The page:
Merriam-Webster’s Word of the Day for June 21, 2020 is:
masterful • MASS-ter-ful • adjective
1 a : inclined and usually competent to act as master
b : suggestive of a domineering nature
2 : having or reflecting the power and skill of a master
“But he hasn’t stopped challenging himself or his players or opponents on the baseball field…. Maddon has earned a reputation as a bright and innovative tactician, but more as a masterful leader and developer of young players in particular.” — Kirk Wessler, The Journal Star (Peoria, Illinois), 9 Oct. 2015
“‘The Last Dance’ surpassed Netflix’s hit ‘Tiger King’ in global popularity after last week’s two episodes (3 and 4)…. [E]ven two decades after their masterful run, Michael Jordan and the Chicago Bulls are still so interesting.” — Joe D’Amodio, SILive.com (Staten Island, New York), 3 May 2020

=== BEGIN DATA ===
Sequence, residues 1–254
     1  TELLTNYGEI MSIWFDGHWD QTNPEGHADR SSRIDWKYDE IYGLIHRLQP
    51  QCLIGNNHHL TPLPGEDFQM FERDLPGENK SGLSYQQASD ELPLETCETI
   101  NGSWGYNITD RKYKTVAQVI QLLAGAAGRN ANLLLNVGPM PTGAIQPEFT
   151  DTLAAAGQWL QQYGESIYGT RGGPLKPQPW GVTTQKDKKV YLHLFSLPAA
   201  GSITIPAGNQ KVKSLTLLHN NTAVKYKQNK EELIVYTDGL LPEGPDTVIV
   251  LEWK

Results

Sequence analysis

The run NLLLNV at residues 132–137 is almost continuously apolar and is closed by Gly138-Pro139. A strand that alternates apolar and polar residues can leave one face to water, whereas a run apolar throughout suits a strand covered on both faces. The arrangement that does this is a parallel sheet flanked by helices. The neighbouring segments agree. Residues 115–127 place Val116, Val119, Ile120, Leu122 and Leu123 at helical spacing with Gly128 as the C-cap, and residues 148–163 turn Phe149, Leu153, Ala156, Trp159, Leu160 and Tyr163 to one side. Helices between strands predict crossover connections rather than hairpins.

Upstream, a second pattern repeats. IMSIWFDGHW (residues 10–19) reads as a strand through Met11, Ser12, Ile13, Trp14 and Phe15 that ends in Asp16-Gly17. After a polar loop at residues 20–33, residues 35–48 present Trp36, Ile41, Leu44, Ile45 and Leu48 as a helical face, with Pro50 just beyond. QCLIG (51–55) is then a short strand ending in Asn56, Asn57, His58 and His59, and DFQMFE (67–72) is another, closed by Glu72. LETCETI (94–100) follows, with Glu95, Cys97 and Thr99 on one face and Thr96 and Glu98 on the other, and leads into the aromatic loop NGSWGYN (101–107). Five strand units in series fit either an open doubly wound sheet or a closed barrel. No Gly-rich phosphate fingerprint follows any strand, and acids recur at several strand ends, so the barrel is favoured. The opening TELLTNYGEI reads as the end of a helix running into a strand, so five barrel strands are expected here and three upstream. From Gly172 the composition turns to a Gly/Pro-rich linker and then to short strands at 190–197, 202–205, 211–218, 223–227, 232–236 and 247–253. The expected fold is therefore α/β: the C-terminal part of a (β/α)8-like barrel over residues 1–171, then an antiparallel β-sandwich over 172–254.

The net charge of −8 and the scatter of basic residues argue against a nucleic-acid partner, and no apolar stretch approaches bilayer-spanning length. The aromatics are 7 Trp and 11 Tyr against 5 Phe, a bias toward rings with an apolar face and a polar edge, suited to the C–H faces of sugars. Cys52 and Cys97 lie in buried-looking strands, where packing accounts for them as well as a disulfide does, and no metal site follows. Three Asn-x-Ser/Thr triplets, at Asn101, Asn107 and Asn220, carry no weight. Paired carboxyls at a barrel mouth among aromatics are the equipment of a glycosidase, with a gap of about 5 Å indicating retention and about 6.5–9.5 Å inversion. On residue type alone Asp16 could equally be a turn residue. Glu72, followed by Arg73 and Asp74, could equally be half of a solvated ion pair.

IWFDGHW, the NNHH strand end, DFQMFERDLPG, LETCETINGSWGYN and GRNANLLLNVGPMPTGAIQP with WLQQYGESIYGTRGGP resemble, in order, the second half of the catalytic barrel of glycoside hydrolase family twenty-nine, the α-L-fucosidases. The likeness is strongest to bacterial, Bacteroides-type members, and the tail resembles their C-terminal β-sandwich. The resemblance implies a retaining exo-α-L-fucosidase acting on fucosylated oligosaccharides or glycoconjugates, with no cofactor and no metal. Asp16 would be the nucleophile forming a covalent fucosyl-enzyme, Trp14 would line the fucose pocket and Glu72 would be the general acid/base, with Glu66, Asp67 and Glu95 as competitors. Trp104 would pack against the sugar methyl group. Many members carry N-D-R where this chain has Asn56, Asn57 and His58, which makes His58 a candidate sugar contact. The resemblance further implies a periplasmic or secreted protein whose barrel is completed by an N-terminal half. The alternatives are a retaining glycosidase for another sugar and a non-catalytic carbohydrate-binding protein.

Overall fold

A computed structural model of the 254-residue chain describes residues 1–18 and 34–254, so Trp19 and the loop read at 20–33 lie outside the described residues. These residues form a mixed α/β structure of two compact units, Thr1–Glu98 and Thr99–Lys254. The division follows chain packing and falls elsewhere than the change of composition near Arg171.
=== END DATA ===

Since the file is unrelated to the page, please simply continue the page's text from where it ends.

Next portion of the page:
Did you know?
Some commentators insist that masterful must only mean “domineering,” reserving the “expert, skillful” sense for masterly. The distinction is a modern one. In earlier times, the terms were used interchangeably, with each having both the “domineering” and “expert” senses. The “domineering” sense of masterly fell into disuse around the 18th century, however, and in the 20th century the famous grammarian H. W. Fowler decided that masterful should be similarly limited to a single meaning. He summarily ruled that the “expert” definition of masterful was incorrect. Other usage writers followed his lead. But the “expert” meaning of masterful has continued to flourish in standard prose in spite of the disapproval, and, considering the sense’s long history, it cannot really be called an error.